Xiphoidalgia is an uncommon cause of exertional chest pain. It is a rare syndrome that is characterized by localized discomfort and tenderness over the xiphoid process of the sternum.
The condition has a gastrointenstinal etiology and usually relieved by nitrates what make possible to distinguish it from angina or myocradial infarction.
Symptoms are often aggravated by eating a heavy meal or bending or twisting movements. They also are associated with resumption of heavy work or a recent cough, suggesting a traumatic cause in some patients.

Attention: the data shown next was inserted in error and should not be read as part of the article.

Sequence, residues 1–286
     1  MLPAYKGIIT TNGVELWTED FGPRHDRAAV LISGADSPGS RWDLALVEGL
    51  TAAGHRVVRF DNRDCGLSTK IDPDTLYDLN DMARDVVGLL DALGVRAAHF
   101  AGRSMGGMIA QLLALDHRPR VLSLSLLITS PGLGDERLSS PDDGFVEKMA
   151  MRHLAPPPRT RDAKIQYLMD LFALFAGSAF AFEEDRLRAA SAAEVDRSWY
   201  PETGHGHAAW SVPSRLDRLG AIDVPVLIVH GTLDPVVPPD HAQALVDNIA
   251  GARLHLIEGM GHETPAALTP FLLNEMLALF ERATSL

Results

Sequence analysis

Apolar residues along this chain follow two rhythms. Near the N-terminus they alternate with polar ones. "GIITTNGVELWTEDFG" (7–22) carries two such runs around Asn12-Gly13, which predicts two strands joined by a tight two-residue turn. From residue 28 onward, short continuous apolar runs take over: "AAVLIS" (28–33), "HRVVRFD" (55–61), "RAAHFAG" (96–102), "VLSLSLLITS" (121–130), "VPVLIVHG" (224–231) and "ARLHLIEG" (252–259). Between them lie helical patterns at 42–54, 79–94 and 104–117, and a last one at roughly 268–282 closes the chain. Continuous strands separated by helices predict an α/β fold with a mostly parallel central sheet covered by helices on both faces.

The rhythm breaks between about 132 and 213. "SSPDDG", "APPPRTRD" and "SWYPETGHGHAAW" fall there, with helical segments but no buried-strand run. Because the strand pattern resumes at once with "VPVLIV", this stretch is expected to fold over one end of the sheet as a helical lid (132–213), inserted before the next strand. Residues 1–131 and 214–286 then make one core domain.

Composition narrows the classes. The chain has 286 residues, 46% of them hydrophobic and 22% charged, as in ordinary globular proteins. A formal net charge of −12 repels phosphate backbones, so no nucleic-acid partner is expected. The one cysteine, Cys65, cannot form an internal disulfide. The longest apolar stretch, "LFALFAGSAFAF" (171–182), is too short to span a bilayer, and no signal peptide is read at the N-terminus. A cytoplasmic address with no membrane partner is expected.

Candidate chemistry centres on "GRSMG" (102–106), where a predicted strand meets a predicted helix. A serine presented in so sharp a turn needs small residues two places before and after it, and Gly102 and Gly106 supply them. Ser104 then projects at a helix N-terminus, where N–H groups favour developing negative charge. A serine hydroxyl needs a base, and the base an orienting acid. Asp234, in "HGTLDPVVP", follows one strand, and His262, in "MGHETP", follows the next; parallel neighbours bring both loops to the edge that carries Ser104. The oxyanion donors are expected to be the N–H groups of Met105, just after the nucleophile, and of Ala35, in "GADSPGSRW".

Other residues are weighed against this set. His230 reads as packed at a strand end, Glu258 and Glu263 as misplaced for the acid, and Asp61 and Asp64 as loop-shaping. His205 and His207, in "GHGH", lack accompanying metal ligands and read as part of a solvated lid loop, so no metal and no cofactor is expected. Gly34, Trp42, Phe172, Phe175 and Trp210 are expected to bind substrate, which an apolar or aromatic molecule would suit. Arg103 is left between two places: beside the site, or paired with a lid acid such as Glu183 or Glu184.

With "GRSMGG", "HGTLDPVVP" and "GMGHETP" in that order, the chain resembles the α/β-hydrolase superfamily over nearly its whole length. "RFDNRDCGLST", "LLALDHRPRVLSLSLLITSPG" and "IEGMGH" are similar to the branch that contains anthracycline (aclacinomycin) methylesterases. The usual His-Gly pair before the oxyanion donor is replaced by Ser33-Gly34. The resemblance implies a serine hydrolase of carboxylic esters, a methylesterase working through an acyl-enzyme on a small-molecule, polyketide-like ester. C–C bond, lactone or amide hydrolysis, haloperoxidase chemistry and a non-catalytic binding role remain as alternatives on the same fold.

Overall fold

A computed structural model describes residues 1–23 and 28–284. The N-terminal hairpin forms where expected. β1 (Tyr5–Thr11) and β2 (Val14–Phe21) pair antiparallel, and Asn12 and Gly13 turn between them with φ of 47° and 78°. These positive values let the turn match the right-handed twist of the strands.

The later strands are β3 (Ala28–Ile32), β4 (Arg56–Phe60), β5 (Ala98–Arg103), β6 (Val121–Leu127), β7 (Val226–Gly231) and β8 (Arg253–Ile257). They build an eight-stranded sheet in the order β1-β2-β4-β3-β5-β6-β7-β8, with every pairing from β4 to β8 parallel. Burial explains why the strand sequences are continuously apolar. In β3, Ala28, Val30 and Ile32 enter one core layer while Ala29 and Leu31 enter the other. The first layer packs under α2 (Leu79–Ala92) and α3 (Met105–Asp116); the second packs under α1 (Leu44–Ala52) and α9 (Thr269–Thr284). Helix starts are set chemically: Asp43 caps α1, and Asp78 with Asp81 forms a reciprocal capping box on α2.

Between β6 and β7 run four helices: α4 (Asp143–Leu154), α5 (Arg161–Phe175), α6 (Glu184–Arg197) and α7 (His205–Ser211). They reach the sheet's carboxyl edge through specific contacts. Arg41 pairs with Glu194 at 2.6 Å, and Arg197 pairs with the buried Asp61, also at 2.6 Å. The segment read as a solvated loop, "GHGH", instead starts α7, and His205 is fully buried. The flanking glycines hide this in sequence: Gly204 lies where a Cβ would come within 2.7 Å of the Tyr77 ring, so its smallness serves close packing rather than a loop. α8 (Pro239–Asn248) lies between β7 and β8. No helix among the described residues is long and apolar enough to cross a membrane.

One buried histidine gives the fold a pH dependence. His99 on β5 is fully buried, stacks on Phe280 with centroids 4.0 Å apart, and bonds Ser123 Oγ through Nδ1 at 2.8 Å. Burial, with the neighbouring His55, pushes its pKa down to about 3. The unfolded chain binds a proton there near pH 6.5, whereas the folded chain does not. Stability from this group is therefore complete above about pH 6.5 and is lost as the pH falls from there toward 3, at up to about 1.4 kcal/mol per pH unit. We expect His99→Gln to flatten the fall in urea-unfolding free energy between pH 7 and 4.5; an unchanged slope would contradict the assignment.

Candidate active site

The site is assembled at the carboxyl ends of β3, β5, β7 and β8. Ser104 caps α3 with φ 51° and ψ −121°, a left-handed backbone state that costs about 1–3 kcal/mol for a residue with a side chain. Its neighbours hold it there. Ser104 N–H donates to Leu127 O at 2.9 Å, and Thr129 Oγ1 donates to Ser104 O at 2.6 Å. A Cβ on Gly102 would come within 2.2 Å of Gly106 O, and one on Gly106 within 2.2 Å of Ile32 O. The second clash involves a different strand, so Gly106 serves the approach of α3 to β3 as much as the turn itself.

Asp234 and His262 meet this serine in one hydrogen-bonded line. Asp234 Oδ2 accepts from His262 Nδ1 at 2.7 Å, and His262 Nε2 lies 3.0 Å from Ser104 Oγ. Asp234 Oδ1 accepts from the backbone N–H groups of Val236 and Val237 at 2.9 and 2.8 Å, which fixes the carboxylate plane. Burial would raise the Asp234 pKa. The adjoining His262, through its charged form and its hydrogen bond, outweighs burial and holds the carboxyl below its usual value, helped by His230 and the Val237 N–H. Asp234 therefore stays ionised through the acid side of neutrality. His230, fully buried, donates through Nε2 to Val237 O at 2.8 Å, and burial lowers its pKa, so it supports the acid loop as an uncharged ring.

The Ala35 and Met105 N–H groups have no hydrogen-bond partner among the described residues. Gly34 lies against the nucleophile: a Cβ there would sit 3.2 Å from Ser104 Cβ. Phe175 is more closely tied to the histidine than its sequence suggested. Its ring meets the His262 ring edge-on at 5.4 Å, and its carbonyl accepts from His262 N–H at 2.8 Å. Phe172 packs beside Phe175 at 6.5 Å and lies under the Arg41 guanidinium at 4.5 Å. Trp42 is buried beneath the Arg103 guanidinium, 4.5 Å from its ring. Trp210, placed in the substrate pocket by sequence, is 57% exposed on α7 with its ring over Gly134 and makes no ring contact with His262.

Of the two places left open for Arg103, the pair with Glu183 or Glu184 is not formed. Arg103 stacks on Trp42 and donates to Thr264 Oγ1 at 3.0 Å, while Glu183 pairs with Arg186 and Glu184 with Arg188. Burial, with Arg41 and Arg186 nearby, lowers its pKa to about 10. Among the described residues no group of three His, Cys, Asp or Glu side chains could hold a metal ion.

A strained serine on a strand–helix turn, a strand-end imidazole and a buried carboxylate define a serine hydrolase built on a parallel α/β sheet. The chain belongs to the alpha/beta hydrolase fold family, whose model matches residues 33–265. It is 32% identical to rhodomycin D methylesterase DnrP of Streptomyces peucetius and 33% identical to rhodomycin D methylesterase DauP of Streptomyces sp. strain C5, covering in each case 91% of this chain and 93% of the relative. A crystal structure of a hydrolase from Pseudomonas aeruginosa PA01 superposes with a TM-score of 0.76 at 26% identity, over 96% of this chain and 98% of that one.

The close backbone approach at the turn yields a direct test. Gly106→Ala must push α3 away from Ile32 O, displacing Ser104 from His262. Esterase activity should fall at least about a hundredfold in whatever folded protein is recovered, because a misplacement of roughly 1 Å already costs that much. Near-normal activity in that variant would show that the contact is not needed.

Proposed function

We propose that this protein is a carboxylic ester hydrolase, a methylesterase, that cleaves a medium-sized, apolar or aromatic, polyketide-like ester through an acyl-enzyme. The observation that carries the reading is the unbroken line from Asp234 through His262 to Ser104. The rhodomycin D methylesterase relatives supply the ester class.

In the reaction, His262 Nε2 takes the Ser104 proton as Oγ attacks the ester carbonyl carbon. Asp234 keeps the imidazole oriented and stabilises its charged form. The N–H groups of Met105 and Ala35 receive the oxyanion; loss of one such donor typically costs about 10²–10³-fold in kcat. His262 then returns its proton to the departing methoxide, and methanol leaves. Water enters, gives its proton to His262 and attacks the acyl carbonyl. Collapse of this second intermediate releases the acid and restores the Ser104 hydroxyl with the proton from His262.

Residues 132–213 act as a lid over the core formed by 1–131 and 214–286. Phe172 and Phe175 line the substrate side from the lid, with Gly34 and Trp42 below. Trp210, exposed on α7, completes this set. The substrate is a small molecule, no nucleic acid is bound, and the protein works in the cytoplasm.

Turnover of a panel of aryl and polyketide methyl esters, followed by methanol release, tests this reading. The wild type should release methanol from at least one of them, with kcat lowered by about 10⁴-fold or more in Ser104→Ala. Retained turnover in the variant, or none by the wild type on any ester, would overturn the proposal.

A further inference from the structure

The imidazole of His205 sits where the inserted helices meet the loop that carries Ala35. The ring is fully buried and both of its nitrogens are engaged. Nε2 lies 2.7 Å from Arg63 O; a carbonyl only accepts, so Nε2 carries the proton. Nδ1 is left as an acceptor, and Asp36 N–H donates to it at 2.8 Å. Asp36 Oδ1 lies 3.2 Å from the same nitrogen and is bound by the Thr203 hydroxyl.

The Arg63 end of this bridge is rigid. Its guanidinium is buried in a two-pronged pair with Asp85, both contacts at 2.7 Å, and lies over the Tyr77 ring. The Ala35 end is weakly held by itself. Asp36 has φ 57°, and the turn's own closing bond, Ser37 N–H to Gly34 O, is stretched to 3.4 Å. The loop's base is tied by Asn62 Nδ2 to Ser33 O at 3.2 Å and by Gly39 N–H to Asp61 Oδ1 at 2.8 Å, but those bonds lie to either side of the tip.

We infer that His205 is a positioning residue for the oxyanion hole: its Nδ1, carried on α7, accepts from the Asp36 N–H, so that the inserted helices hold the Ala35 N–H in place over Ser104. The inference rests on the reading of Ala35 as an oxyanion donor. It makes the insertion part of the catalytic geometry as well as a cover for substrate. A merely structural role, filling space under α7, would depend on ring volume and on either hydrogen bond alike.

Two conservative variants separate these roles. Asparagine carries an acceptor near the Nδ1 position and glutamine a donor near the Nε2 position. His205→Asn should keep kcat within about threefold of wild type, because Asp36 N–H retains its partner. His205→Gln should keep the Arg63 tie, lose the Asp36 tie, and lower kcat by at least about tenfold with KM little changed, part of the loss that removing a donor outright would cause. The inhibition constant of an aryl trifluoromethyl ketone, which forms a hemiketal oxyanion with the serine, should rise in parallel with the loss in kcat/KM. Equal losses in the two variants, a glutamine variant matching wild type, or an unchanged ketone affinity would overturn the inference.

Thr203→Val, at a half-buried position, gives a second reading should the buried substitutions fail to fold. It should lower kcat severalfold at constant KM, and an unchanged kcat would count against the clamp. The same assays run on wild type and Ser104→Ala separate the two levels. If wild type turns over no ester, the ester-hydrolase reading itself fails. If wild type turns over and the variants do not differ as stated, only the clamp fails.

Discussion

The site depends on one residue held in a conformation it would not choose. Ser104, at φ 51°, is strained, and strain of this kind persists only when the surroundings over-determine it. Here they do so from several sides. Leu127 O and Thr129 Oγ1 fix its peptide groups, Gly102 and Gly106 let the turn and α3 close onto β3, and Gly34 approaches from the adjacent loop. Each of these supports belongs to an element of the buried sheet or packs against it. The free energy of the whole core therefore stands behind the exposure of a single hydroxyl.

The pain of xiphoidalgia may be substernal or epigastric with radiating to the arms, back and neck. It is exacerbated by positional maneuvers and eating large meals, but also may be caused by exertion. The releaving means are local infilatration with 1% lidocaine, antiinflammatory medications, and steroid injection.